Fandom: Battlestar Galactica/A Song of Ice and Fire
Rating: PG-13 (might change later)
Word Count: 2,624
Summary: Basically a space parents story set in the A Song of Ice and Fire universe.
Disclaimer: Not mine.
A/N: This takes place somewhere during a Dance with Dragons. So there are spoilers to those who haven't gotten that far into the books yet.
Previous: Chapter 1: Lady Laura
He carefully watched the woman across from him and relished the feeling of her hand in his and the way her other hand covered his so gently. Her skin was soft but it didn’t feel as delicate as that of the women from the South he had known or those of the whores in Braavos. There was something in her blood that made her so utterly from the North that Bill had realized he shouldn’t have expected delicate nature from the lady.
There were times Bill thought she might have well have been Ironborn. Lady Laura possessed a resolve he had rarely witnessed in women and a strength unmatched by any other woman he had ever met. But she also had honor, something that wasn’t common to Ironborn women. He knew she would gladly lay down her life if it meant keeping her people safe.
Before he came to Caprica he had heard about Lady Laura of House Roslin. The information had been scarce, but even on the Iron Islands there had been whispers about the North’s Red Lady, not to be confused with Stannis Baratheon’s red priestess. Laura Roslin was not as unknown as she thought she was.
Or maybe that was simply due to the fact that Bill had always taken a liking to tales of strong women. The story of Nymeria, the warrior queen of the Rhoyne who had conquered Dorne years ago had always been one of his favorites even if he had never admitted that to any other males. He had always wanted a wife that resembled her in strength and fearlessness. And he had gotten that he thought darkly.
His wife, if she could still be called that, had been one of the most contemptibly wicked women he had ever had the misfortune of knowing. Their marriage had been an arranged one as all marriages in his family had been and it had not been a happy one.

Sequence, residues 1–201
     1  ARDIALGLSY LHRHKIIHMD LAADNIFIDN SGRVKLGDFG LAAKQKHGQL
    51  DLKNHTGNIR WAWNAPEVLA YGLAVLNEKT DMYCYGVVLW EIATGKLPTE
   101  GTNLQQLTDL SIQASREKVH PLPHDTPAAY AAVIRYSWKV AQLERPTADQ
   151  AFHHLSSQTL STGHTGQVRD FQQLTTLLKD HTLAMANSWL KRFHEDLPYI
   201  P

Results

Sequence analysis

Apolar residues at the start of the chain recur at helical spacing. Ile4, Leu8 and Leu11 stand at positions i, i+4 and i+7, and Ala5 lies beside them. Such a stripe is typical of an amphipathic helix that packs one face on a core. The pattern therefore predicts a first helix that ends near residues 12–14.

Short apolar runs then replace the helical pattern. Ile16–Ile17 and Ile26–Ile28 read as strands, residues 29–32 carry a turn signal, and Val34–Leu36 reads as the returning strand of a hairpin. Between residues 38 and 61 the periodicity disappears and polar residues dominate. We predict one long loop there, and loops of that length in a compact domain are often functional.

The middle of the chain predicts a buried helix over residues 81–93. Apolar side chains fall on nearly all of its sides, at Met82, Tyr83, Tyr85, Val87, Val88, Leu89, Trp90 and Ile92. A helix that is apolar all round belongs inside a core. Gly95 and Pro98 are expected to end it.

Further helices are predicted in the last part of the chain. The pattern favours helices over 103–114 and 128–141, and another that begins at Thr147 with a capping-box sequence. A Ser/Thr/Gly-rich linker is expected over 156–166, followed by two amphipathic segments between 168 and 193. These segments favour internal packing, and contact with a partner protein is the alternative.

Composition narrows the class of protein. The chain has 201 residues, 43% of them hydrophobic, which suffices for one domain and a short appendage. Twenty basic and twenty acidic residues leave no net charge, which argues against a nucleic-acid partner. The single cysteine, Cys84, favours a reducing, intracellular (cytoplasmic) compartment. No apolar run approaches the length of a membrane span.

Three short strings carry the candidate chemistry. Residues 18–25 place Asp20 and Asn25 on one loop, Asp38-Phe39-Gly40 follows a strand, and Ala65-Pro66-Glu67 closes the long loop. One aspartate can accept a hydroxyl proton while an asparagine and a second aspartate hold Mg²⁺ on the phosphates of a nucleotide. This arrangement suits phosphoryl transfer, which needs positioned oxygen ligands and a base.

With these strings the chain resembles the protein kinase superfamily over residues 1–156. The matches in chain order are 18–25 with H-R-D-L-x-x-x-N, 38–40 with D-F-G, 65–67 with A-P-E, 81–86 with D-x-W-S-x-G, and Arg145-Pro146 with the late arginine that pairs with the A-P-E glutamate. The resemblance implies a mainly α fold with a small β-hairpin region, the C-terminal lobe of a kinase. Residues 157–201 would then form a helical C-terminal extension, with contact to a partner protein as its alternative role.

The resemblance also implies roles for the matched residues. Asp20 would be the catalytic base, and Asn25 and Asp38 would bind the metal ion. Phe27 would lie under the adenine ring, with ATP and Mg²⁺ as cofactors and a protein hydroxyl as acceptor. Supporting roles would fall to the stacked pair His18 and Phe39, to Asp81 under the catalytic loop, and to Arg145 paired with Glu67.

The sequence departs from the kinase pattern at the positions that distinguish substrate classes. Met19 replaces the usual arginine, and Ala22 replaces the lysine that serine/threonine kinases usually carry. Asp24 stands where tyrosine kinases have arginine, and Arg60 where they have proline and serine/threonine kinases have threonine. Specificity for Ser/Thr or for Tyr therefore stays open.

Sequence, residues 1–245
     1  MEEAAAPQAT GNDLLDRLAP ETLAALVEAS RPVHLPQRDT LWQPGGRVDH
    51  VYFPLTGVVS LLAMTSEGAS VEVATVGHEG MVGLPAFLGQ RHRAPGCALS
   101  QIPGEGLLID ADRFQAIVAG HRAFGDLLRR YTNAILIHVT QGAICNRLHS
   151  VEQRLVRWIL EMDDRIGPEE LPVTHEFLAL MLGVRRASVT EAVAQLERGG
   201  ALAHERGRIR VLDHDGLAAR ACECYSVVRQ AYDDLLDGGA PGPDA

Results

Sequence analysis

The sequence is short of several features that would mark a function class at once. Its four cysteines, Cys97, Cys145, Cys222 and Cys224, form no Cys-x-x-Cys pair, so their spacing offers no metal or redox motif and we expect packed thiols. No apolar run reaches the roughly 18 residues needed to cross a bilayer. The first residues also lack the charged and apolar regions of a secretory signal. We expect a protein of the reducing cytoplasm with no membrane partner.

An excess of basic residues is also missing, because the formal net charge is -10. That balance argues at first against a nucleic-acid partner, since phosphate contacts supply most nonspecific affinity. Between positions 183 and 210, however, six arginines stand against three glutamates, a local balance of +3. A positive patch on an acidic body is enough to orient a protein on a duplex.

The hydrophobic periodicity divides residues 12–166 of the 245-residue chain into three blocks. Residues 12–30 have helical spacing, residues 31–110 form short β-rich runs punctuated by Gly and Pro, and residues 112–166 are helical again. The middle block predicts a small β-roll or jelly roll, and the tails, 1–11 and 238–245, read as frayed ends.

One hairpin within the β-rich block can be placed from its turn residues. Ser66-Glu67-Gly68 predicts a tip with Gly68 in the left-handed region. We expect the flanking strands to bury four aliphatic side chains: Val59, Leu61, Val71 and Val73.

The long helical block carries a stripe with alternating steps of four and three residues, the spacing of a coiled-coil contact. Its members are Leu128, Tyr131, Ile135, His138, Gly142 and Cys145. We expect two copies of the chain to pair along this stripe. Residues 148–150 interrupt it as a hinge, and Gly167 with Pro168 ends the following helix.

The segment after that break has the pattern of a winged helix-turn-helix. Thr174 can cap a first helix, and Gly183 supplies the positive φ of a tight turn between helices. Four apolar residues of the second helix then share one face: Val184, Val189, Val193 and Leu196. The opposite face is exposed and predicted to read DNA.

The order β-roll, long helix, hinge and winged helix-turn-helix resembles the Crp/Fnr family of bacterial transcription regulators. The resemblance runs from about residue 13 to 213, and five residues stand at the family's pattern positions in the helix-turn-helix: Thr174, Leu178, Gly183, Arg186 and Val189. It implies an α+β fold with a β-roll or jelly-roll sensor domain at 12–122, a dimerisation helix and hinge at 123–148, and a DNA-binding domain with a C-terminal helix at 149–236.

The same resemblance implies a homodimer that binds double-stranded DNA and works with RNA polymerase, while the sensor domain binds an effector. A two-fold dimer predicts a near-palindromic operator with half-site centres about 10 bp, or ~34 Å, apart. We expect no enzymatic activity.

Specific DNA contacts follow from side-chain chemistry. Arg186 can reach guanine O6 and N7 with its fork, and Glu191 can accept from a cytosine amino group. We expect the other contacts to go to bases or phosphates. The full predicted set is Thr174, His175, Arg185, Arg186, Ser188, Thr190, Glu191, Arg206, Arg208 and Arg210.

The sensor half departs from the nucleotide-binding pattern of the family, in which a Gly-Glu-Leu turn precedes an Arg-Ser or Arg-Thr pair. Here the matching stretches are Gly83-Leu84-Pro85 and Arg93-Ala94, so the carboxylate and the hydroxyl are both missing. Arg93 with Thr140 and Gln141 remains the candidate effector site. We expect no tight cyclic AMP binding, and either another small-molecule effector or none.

Carolanne, had been, well, Carolanne. There were no right words in existence yet to describe the kind woman she was. Cruel was too strong, heartless was untrue. She had shown that she had a heart where it concerned their children. Unreliable was probably the word that described her best. He wouldn’t have trusted her with a hair on his head.
She hadn’t wanted to marry him. Instead she had wanted some fearsome sailor with bulging muscles and terrifying eyes, a Kraken. But her father had had different plans and married her off to Bill where she spent years trapped in a loveless marriage, fucking warriors and seamen far more potent than he could ever dream to be.
Their children, miraculously, had been his own. She had taunted him often enough by telling him they were from other men, but he had been able to see that their sons were his. It was in the color of their eyes, the set of their jaws, the way they walked and talked. They were undoubtedly Adama men.
When lady Laura pulled her hands away from his, Bill was returned to the present and looked at her as if he’d never seen her before. He had searched his whole life for a woman like the lady Laura. Someone beautiful, intelligent, strong, willing to fight for what she believed, but also knew honor and knew when not to fight.
He had met a lot of women and had shared his bed with a few he had liked enough, pretty whores from the Free Cities or independent women from the South, looking to spend a night with someone from the Iron Islands. But never before had he met someone like lady Laura. She was truly one of a kind. A treasure in the world, mysterious, dangerous, untouchable.
She smiled at him, almost shyly as she ran a hand through her hair and tucked a lock behind her ear. He had never seen her with her hair up. She always wore it down, the auburn curls freely cascading over her shoulders and down her back. The lady was kissed by fire. Her hair was the same color as dying flames or smoldering coals, burning brighter when touched. Her voice, however conveyed none of her shyness when she spoke again.
“I would enjoy it if you would join for dinner tonight, admiral. Will you indulge me?” she asked, her shy smile having turned into a confident one. He liked this look on her. Before today, the only expression he had seen on her face had been one of disdain. He preferred her smile. It lit up her face and made her green eyes more vivid.
The admiral couldn’t help but return her smile. Maybe it were the small wrinkles around her eyes that deepened when she smiled or maybe it was simply the beautiful image she made as she sat there, her hands folded in her lap, the light of the flames illuminating her face and eyes, making her hair even more vibrant. Kissed by fire, indeed.